All Wilson indexing, abstracts, and full text will be fully searchable via EBSCO Discovery Service for subscribers of Wilson databases. Databases from Wilson will be integrated with EBSCOhost over the coming months, and, eventually, the WilsonWeb platform will be eliminated, the companies said in a press release. EBSCO will maintain WilsonWeb until all Wilson databases are available on EBSCOhost and customers have been transitioned to EBSCOhost.

http://www.libraryjournal.com/lj/home/890843-264/in_major_deal_ebsco_publishing.html.csp

How the Library of Congress is Building the Twitter Archive



In April 2010, Twitter announced it was donating its entire archive of public tweets to the Library of Congress. Every tweet since Twitter's inception in 2006 would be preserved. The donation of the archive to the Library of Congress may have been in part a symbolic act, recognition of the cultural significance of Twitter. When the donation was announced users were creating about 50 million tweets per day. As of Twitter’s fifth anniversary several months ago, that number has increased to about 140 million tweets per day.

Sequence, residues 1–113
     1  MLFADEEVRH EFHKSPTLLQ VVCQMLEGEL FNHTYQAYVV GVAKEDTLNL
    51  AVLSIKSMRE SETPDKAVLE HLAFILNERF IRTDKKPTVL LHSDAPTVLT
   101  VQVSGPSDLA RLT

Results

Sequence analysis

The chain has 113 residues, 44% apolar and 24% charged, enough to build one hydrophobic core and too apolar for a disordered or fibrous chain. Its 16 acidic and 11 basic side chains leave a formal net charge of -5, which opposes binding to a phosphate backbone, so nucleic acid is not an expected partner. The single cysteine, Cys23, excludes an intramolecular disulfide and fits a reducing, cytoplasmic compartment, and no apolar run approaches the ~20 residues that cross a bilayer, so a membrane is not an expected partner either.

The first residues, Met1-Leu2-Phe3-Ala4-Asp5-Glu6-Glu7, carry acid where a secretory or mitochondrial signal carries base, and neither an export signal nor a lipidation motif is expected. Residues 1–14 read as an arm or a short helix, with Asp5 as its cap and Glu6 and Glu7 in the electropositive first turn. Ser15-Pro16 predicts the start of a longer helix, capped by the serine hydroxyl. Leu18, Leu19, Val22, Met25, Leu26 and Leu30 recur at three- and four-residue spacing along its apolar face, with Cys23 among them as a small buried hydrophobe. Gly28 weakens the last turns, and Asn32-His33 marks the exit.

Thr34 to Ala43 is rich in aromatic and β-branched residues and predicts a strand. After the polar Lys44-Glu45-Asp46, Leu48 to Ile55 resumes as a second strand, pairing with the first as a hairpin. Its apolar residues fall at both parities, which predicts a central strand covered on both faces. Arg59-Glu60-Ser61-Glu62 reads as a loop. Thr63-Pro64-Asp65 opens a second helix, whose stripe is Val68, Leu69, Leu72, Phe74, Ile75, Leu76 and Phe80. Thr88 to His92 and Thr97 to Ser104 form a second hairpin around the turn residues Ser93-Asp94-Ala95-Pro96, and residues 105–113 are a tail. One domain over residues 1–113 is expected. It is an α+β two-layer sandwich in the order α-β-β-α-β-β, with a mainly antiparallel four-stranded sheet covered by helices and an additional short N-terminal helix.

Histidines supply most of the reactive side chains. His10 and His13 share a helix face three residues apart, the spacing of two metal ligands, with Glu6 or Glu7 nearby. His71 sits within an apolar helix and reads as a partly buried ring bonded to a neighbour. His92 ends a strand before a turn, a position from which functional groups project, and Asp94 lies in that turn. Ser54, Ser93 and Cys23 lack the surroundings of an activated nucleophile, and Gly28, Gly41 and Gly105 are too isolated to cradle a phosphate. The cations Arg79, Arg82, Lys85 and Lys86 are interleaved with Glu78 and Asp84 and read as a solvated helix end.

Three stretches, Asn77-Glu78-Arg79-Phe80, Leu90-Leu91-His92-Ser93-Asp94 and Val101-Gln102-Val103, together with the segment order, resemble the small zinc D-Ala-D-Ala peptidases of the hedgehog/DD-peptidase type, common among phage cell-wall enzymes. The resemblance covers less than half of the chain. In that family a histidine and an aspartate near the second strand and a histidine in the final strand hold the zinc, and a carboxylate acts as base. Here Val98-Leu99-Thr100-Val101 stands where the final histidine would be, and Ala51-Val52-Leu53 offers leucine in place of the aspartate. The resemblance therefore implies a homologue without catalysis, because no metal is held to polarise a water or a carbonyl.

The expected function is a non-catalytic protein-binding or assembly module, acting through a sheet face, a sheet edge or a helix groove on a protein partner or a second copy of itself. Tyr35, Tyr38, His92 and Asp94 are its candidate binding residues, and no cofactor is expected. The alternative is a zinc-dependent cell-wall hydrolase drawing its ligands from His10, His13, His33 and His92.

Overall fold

It's important to note that the Library of Congress is quite adept with the preservation of digital materials, as it's been handling these types of projects for more than a decade. The library has been archiving congressional and presidential campaign websites since 2000, for example, and it currently has more than 200 terabytes of web archives. It also has hundreds of terabytes of digitized newspapers, and petabytes of data from other sources, such as film archives and materials from the Folklife Center.